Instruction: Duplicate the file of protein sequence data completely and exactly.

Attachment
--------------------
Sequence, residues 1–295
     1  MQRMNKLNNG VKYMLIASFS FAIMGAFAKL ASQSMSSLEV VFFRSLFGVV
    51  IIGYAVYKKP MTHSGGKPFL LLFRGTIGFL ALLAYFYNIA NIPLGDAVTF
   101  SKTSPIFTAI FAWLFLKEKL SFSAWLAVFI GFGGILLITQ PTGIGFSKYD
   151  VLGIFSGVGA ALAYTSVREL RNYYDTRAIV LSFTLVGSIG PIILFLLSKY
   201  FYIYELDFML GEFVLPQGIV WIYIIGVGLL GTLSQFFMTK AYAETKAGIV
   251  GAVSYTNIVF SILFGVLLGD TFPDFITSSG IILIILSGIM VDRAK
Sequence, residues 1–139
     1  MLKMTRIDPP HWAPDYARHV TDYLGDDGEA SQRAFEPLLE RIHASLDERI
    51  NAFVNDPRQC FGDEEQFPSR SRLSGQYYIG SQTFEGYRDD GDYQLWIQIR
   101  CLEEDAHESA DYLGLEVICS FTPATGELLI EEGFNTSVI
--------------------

Sequence, residues 1–295
     1  MQRMNKLNNG VKYMLIASFS FAIMGAFAKL ASQSMSSLEV VFFRSLFGVV
    51  IIGYAVYKKP MTHSGGKPFL LLFRGTIGFL ALLAYFYNIA NIPLGDAVTF
   101  SKTSPIFTAI FAWLFLKEKL SFSAWLAVFI GFGGILLITQ PTGIGFSKYD
   151  VLGIFSGVGA ALAYTSVREL RNYYDTRAIV LSFTLVGSIG PIILFLLSKY
   201  FYIYELDFML GEFVLPQGIV WIYIIGVGLL GTLSQFFMTK AYAETKAGIV
   251  GAVSYTNIVF SILFGVLLGD TFPDFITSSG IILIILSGIM VDRAK
Sequence, residues 1–139
     1  MLKMTRIDPP HWAPDYARHV TDYLGDDGEA SQRAFEPLLE RIHASLDERI
    51  NAFVNDPRQC FGDEEQFPSR SRLSGQYYIG SQTFEGYRDD GDYQLWIQIR
   101  CLEEDAHESA DYLGLEVICS FTPATGELLI EEGFNTSVI